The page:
The Red Caboose.

April, 2017.

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Almost two years ago when I was planning my journey, I was scoping out travel books and I read about The Red Caboose Restaurant and Motel in Pennsylvania. The gushing reports of it’s coolness made it high on my list of places to stop.

I thought it sounded uber fun and unusual!  Motel rooms in rusting, reclaimed, aged train compartments AND dog-friendly!

There’s a gift shop, restaurant and rolling fields all around.  I was really excited to go there.  We stumbled upon it as we were out doing the side-road tourin’ off-the-beaten-path thing and I saw a sign and we made a series of squiggly u-turns on jiggedy roads scented with acres of freshly-mown hay and landed there for lunch. I was out-of-my-mind-ecstatic we’d found it.  I love train travel and appreciate these old pieces being kept up.

Our stomachs were rumbling for lunch but when I asked for outdoor seating with a dog, one of the hostesses said she couldn’t accommodate us with a dog.  In fact, she was freaking horrible and snippy and rude.  We rarely get that. In the South (not bein’ prejudice, ya’ll), people ACCOMMODATE.

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We were asking for outdoor service and there was absolutely NOBODY, LIKE, NOT ONE FREAKING CUSTOMER in the place, nor outside on the deck that was listed as a “dog-friendly” lodging and restaurant on several websites.

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The younger waitress said she’d set us up but the other (senior) one wasn’t budging.


Yeh, so, I wouldn’t normally belly ache because, okay, I get it, we have a dog.  She’s kinduv large.  We’re traveling and you’re listed in the travel guides as ‘dog-friendly’ so that’s why we came.  I shut my mouth and talked with Doug.  Damn it, I’m tired of the prejudice but I decided I’m going to behave myself and advocate for my dog.  Because she deserves it.  Because she isn’t rude or obnoxious and she’s a good soul.

The Health Department (understandably) doesn’t allow dogs inside establishments that serve food, but no worries, we’re accustomed to that.  We just wanted to sit outside and include our gal, we won’t leave her in a hot car.  There was plenty of seating on the deck and after I asked politely the second time, the “boss” waitress allowed us to eat there.  We made a deal.  Deck Only (which is what I had requested), pick it up at the counter; as long as we ordered take-out and ate outside with plastic forks and styrofoam containers that make Doug cringe.  #CutlerySnobbery.

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It’s all part of life traveling with a dog, especially a jumbo one. “She’s just so BIG” the boss lady told me. I explained, “She’s very calm, she’ll flop on the deck and won’t be a bother and she’s a Registered Therapy Dog who works with Seniors and Schoolchildren”.  There were no fragile Seniors or vulnerable small children available for her to viciously attack and rip to shreds nor wheelchairs to push down the steps.  We were the only ones in the place.  The nasty waitress finally realized I meant well and we were ushered outside.  As Second Rate Citizens.  Talk about feeling like a major loser.  I kept my head up, stiff upper lip, all that.  Damn it.

I have to get over the prejudice people exhibit.  Even if I want to cry sometimes.  How do my colored friends and relatives deal with this shit????!!!!  Judged before people even know you.  What’s right is right.  This is so wrong to me.  Dog-friendly should be dog-friendly.  Regardless of size if the owners are on the ball and control the dog.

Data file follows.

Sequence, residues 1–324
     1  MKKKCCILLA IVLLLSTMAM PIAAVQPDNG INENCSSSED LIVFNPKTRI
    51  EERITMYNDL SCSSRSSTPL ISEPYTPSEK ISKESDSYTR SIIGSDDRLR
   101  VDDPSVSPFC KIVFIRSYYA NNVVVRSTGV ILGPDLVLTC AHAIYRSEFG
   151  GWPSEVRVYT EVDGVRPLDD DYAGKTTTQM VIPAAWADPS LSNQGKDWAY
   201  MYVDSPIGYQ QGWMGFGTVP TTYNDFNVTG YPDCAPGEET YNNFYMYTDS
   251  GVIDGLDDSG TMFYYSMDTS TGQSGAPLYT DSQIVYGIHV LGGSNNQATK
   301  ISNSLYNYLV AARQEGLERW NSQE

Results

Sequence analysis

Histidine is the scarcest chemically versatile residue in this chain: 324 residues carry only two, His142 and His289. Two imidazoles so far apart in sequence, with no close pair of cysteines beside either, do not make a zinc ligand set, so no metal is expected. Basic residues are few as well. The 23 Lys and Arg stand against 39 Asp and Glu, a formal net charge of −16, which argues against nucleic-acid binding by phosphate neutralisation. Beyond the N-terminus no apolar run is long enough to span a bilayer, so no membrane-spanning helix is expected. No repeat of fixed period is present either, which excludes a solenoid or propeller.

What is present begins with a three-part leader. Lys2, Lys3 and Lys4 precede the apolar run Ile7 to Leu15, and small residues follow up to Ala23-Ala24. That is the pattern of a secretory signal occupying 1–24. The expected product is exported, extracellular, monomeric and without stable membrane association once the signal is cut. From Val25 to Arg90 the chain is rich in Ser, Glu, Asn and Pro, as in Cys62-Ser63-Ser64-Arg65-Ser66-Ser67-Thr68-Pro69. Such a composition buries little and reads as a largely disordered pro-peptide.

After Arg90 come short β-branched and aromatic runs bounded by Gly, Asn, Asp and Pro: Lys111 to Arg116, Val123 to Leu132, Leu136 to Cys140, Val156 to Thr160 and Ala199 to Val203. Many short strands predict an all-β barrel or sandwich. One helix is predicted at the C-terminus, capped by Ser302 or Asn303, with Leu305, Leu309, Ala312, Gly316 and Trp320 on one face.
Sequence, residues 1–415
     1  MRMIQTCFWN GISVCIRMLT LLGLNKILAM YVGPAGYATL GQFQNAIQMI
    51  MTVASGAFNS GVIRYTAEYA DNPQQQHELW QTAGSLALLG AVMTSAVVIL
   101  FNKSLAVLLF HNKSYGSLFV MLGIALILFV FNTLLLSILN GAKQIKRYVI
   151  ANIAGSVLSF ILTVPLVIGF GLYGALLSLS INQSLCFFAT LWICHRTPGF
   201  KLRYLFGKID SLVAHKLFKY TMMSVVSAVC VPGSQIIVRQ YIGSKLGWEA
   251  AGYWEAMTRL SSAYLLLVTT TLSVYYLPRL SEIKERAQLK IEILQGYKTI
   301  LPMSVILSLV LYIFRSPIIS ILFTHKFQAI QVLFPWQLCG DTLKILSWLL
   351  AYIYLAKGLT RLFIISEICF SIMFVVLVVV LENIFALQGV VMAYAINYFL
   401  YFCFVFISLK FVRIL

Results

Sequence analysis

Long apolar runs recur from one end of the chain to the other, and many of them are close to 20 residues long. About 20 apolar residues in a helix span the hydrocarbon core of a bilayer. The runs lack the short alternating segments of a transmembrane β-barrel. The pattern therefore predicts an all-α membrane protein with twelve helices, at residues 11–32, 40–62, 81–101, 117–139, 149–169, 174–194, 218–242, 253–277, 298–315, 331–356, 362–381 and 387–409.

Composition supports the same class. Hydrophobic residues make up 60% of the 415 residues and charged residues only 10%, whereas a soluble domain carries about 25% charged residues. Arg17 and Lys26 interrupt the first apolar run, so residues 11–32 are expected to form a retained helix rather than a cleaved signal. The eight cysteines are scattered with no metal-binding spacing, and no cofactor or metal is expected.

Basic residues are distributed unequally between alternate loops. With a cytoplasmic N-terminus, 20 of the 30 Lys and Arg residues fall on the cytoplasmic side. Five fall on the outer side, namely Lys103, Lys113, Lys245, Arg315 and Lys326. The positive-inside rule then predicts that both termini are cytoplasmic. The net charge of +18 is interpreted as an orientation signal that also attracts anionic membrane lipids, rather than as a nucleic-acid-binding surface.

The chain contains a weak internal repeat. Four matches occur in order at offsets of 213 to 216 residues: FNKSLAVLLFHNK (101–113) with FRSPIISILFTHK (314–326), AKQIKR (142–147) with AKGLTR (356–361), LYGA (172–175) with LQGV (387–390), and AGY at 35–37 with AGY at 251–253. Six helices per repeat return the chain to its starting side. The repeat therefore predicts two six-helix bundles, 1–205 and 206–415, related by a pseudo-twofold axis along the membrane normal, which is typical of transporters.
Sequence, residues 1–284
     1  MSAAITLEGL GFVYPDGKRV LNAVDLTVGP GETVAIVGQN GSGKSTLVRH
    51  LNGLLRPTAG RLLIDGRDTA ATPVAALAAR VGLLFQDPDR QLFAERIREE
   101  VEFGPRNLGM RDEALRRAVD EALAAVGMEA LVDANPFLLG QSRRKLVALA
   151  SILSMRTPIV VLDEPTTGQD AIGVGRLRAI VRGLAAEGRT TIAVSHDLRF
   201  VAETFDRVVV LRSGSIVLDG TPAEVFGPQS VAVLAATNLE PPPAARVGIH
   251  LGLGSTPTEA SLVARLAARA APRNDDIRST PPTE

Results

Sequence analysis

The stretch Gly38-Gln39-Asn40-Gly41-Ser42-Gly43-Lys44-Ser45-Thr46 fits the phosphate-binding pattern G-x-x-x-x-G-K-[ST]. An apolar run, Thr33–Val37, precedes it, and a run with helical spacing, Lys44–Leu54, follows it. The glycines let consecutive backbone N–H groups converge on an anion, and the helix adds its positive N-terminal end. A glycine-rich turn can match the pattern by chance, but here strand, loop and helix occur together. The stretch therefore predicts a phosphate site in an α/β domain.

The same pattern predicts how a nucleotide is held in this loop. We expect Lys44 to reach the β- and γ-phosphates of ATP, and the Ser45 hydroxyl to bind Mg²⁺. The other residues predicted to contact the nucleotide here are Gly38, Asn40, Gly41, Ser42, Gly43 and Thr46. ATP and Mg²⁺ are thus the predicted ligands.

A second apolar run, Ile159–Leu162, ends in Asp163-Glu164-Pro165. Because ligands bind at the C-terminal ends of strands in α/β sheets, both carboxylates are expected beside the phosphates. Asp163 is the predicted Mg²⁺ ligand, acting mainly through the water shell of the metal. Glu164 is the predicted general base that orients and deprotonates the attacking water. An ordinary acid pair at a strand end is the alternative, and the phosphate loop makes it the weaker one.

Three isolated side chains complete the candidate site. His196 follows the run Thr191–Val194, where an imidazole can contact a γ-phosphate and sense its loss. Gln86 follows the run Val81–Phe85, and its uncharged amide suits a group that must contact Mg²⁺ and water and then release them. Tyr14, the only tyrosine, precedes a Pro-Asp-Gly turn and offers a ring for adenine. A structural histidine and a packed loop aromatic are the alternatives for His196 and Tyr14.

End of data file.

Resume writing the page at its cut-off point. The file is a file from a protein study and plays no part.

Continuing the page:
Zuma, in true Scooby Doo style, sipped daintily on cool water the young waitress kindly provided and then flopped out on the deck in her usual “I’m really not a pain in the ass and I don’t eat small children or knock down Senior Citizens” way and within two minutes she had a huge group (total about 30 in 30 minutes) of adoring fans swooning over her. Tourists, locals, Amish farmers.  In fact, we had so many people smothering her we couldn’t eat our french fries before they got stone cold.  I wanted to take pix of the crowds who met her but I was so choked  up I couldn’t even focus the camera.  I had to take an emotional break and leave her with Doug to go for a long walk on my own to shed a few tears.  It felt like when people judge my friends, my wonderful gentle colored/black/gay/artsy/eccentric unique friends.

Later, I apologized to Zuma.  She understands.  Most people are fascinated with her but some recoil in horror anticipating she’s a threat. At 36″ at the shoulder, 6′ 2″ in length and 145 lbs, yeh, she’s a big ole mutt.  But she’s a good soul.  She won’t bother you.

Prejudice.  It’s just not right.  It was lovely that total strangers flocked in droves to her (and she happily hopped up from her cool place in the shade and gave everyone individual attention, so happy she was accepted). Everyone received a lick and a dog smile and they asked a zillion questions and now they all want a Great Dane. Thanks, Zu, you’re a Rock Star and a wonderful ambassador for your breed.

One person having a shitty day can make a place sour but I see that a kind dog can change a lot of people’s mindsets and make a sweet experience. I’m learning.  I can forgive.  Zuma forgives.  If only all people would be so kind and understanding.  The world would be a better place.

After we ate our lunch and Zuma stood patiently for a zillion selfies with babies and toddlers who pawed at her and pulled on her velvet ears and was petted softly by elderly folks who were just tickled to meet such a huge, gentle animal.  Then the nasty waitress came out and petted and praised her as the crowd gushed about what a well-behaved kind-hearted dog she is.  Zuma deserved that. Broke my heart.  Prejudice.  It’s just wrong.

Remember to live and let live.


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